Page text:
Who Is Your Superhero?
My family and I were sitting around the dinner table, talking about how our day had gone. My youngest son, then 15, began to tell about an assignment he had been given by his teacher earlier that day.
He was to research a career choice that he was considering after graduating from high school and pursuing college studies in that field. He has held an interest in the medical field and has often talked about becoming a Physicians Assistant. Since this choice had already been taken and couldn’t be duplicated, he was asked what his second choice was, at which he promptly replied, “A Superhero”. At that point, his teacher informed him that he needed to take this assignment more seriously. To that, his response was, “What about all the little kids who need Superheroes?” Needless to say, he ended up doing a report on Lifeguards.
Everyone at the dinner table laughed. Except me. I admit that a slight smile did creep across my face, but given the mood I was in, I silently muttered under my breath, “I need a Superhero.” Within seconds, a small voice from within whispered, “I’ll be your Superhero. ”
A true friend will usually stop what they are presently doing and give us their undivided attention when we need it. Their words of comfort and encouragement can often be all that is needed for us to press on. Their words of advice may be just the key to solve our current dilemma. They can be just the vessel from which the wisdom of God will flow. But how often do we, in our cries of distress, seek out someone who we hope will rescue and save us from the doom and destruction that surrounds and threatens to destroy us? If we hang around long enough, we learn that our friends, our family – they aren’t Superheroes. They can’t remove the darkness. They can’t fill the void that was left by a loved one.
How desperately the creator of our hearts, our minds, and our souls, desires the place in our hearts that we give away so readily to others. When all our other resources have been exhausted, we often have the tendency to turn to the One who knows us best – last. The One who searches us, has examined us, knows us, understands and sees us – He who is intimately accessible – He is the one to whom we should most readily run to in our time of need. The One who sees the beginning from the end, who knows every turn, sees every obstacle. He is the One best able to help.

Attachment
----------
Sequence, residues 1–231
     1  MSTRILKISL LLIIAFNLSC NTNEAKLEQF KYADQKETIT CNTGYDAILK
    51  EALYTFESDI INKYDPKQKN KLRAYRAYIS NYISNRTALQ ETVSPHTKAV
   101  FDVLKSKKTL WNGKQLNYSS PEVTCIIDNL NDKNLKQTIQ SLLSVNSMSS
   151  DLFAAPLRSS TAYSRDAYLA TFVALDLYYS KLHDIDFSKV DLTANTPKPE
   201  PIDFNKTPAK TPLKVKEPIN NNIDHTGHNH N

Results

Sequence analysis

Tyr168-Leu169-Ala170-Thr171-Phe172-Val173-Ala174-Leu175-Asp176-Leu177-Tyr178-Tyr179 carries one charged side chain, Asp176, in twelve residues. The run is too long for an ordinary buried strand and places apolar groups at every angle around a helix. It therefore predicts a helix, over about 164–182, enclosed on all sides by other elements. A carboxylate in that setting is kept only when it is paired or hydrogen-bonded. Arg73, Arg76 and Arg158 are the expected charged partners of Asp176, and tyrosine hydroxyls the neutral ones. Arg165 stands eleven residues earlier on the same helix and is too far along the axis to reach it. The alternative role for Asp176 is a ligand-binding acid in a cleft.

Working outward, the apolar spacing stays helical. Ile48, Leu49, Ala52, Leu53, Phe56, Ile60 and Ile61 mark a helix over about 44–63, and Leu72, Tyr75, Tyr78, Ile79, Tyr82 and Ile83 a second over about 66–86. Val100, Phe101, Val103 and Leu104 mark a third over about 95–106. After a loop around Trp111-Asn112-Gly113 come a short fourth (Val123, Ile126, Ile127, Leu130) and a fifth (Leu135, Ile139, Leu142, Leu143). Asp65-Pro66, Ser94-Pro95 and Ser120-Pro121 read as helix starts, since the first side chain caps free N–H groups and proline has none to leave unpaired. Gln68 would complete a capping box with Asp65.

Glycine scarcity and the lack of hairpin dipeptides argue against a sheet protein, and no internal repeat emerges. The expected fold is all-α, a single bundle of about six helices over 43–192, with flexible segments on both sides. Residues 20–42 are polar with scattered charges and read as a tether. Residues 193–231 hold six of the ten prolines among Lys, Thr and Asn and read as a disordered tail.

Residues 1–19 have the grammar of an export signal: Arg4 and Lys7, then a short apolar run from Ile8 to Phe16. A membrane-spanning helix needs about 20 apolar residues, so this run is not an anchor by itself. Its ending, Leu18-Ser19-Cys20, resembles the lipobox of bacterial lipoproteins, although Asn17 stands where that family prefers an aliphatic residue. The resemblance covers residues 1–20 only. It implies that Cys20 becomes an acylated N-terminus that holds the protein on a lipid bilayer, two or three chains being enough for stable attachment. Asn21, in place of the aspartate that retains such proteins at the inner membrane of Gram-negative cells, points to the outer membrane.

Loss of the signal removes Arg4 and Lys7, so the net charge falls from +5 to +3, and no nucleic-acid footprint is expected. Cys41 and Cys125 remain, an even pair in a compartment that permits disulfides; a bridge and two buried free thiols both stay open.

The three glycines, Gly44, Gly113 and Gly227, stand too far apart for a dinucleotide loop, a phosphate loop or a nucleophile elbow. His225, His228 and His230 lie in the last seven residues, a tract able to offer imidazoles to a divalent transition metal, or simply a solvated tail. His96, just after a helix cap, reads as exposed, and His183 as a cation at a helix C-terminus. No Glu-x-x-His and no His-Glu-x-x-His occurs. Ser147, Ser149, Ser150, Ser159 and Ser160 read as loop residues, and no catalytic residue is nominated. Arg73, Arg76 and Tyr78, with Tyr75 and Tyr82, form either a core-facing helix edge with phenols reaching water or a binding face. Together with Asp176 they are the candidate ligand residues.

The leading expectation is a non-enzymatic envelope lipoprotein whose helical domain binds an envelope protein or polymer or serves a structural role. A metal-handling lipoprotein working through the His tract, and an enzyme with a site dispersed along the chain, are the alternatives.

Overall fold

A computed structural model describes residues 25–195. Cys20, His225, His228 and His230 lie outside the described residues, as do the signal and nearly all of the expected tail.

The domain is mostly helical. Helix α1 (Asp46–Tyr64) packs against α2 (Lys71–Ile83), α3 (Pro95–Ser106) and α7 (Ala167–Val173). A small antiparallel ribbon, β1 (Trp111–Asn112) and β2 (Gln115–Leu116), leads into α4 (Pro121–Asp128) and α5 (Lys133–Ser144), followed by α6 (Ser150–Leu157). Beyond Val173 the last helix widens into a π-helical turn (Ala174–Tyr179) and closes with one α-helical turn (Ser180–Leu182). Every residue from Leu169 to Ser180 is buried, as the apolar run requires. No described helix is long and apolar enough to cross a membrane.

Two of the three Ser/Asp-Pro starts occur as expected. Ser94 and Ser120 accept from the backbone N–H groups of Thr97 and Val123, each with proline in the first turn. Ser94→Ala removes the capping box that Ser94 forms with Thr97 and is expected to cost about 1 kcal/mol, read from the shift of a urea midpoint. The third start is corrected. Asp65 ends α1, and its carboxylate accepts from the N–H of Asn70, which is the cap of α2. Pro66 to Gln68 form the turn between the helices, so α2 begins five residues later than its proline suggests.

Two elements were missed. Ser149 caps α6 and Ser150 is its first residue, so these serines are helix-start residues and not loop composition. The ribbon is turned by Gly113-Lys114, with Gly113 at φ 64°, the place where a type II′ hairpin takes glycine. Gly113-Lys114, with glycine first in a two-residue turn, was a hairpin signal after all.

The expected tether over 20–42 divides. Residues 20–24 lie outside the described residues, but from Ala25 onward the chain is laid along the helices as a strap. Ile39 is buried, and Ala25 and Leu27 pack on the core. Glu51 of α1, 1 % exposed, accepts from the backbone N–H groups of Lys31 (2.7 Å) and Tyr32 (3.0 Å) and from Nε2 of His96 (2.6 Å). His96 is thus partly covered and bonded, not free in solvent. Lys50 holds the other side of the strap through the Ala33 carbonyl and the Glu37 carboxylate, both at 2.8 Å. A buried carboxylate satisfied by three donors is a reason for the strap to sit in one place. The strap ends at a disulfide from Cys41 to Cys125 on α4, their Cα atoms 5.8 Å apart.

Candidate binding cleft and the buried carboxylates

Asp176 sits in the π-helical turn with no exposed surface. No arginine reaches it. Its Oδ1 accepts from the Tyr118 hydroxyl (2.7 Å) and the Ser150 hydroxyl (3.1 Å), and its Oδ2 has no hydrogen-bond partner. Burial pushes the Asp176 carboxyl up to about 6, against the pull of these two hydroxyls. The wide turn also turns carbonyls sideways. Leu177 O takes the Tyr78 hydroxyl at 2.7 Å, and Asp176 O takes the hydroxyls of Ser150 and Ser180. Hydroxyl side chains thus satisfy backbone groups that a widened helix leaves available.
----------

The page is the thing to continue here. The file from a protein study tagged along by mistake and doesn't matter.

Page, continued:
By the time dinner had ended that evening, I had already gone through my list of help in the last 24 hours. I had enlisted my husband, to whom I poured out my heart. I had confided in a dear friend and cried with my daughter. The darkness lay heavy upon my heart, with no hope of light piercing its clutches. Even my son, the “wanna-be Superhero” tried some counseling techniques on me. It is not until I cried out for a Superhero did I actually find One.
As I sat there, knowing that gentle whisper to be the heart of God, shame quietly filled my soul as I realized in my own efforts, I had sought answers in my own way to help ease the pain that I was experiencing. While thinking about God in the midst of the battle, I hadn’t seriously called upon Him to instruct me. He is a God who sees the smallest details of our lives, sees the beginning from the end, makes the earth shake and the mountains tremble. He has the power to turn every pain into a purpose. Surely – surely – this God, my God, can win this battle for me. Surely my God can zap my foes and turn them around, running for cover. In that moment of truth, as I confessed my sin of having other gods before Him and neglecting to call upon His power first, a supernatural strength empowered me. Hope was restored and peace permeated my heart and destroyed the despair that hung over my head like a raging Godzilla. The demons disappeared. My Superhero had saved me.
Sometimes when we cry out for help, the answers come simply.
Sometimes we learn the answers are not so simple and can be hard to understand.
Sometimes the answers do and will come through the voice of a spouse, a friend, a pastor or even a stranger. It is clear that God places special people in our lives, whom He supernaturally enables to help us through the hard times, but they are there as a catalyst and not as our cure-all. Only God has the power to do such supernatural things. Only He brings the comfort that eases the pain and heals the hurt. It is best to call on Him first and then allow Him to bring to us those who can best be used for His purposes.
I AM. To Moses who floundered in his doubt, he said, “I AM THAT I AM”. He is a shield, our protection from the storm. He is the light in the darkness. He is the Almighty, the great Comforter and Healer. He is all that is needed. He Is.